When faced with an overflowing bathtub – which very much resembles Joe Biden’s illegal migration crisis at the southern border – the first instinct of the vast majority of people would undoubtedly be to quickly shut off the water. Such basic common sense, however, seems to be completely foreign to the Biden administration. Rather than securing the border and reducing incentives that attract hundreds of thousands of illegal migrants each month, the White House continues to do the exact opposite by making it as easy as possible for illegal aliens to remain in the country and attracting never-ending droves of new ones.
Such is the case with Secretary of Homeland Security Alejandro Mayorkas’ Guidelines for the Enforcement of Civil Immigration Law, a September 30 memorandum that will go into effect on November 29. The memo rescinds and replaces previous Biden administration anti-enforcement guidelines, essentially doubling down on Team Biden’s desire to shut down practically all deportations. It also follows the administration’s semantic policy, employing the politically correct euphemism of “undocumented noncitizens” in place of illegal aliens.
Framing the (extremely) broad “exercise of prosecutorial discretion” as the memo’s “foundational principle,” Mayorkas lists both “aggravating factors that mitigate in favor of enforcement action,” such as “the gravity of the offense of conviction and the sentence imposed,” or “a serious prior criminal record,” and a much longer, extremely extensive list of “mitigating factors.” The latter includes “advanced or tender age,” a “lengthy presence in the United States,” the “impact of removal on family in the United States,” and “whether the noncitizen may be eligible for humanitarian protection or other immigration relief.”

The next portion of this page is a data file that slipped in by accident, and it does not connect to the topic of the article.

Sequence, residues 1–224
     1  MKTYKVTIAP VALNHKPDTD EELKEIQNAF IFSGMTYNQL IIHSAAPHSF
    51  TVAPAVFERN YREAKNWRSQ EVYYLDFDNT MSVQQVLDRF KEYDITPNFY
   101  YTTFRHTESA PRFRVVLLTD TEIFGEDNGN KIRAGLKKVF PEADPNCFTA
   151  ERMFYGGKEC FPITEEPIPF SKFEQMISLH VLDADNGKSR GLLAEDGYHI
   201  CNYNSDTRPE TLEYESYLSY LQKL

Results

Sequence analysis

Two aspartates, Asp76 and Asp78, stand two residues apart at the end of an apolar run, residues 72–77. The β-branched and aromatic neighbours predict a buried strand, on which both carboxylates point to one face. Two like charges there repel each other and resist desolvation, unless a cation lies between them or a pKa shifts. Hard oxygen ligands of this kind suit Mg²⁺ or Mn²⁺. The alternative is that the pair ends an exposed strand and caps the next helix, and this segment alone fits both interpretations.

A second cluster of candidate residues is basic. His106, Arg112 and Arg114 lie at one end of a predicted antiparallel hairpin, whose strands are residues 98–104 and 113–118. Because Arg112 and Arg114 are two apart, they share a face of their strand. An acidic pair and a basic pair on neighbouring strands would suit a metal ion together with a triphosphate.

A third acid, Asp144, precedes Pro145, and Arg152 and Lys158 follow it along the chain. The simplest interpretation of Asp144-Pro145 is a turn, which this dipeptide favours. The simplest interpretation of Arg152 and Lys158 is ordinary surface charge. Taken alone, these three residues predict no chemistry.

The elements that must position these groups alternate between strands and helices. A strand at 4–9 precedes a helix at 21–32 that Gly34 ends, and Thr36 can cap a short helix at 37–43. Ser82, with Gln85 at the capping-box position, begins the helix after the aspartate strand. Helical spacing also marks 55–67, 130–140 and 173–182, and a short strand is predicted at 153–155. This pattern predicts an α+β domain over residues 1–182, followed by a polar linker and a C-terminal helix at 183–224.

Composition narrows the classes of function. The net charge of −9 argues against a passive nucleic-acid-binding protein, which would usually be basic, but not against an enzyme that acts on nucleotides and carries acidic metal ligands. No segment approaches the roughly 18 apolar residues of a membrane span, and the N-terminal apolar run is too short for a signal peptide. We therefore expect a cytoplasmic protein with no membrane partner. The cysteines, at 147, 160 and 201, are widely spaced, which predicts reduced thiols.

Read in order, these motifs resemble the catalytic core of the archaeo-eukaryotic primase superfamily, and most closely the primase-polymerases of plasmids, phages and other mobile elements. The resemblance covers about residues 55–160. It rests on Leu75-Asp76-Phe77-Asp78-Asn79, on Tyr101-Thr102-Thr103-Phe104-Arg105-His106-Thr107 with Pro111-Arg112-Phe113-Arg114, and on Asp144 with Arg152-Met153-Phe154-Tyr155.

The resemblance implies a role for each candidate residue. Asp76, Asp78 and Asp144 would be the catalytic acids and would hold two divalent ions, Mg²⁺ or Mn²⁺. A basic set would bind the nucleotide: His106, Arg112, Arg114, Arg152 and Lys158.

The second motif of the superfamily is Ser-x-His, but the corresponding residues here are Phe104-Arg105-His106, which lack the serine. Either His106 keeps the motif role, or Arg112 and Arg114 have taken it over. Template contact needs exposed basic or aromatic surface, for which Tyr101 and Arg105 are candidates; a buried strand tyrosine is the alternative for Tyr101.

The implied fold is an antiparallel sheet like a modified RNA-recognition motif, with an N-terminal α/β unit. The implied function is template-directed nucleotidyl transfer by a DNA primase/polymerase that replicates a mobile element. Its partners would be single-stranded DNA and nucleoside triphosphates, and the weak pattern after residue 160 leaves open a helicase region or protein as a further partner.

But, as Mayorkas makes clear in the memo, the guidelines are about more than just making it even easier for illegal aliens to remain in the U.S. unlawfully. It is ultimately about paving the way for eventual amnesty. “In exercising our discretion,” the DHS head states, “we are guided by the fact that the majority of undocumented noncitizens who could be subject to removal have been contributing members of our communities for years. (…) Numerous times over the years, and presently, bipartisan groups of leaders have recognized these noncitizens’ contributions to state and local communities and have tried to pass legislation that would provide a path to citizenship or other lawful status for the approximately 11 million undocumented noncitizens.”
The long outdated 11 million figure is a gross underestimate. FAIR has shown that there were at least 14.5 million illegal aliens here as of last year. But Mayorkas’ intention is clear: the administration is drastically limiting deportations because their political goal is to reward those who violated our borders and laws with legal status and citizenship. Of course, that is not at all surprising coming from an administration which puts its own ideology above our laws, essentially nullifying countless federal statutes by exempting the overwhelming majority of violators from compliance. Mayorkas puzzlingly asserts that “[t]he fact an individual is a removable noncitizen therefore should not alone be the basis of an enforcement action against them”.
Mayorkas’ enforcement guidelines are yet another signal to prospective illegal migrants: take your chances and come to the United States, and we will make it extremely unlikely that you will ever be deported. Although Mayorkas’ guidelines state that anyone “apprehended in the United States after unlawfully entering after November 1, 2020,” will be subject to removal, the department’s actions (or, inactions) speak far more loudly than the words he puts on paper. Such policies are part of a disturbing pattern and continue to undermine the rather charitable view that the Biden border crisis is an act of mere incompetence. And they demonstrate that the Biden administration approach is to put illegal aliens first, at the expense of American citizens and legal immigrants.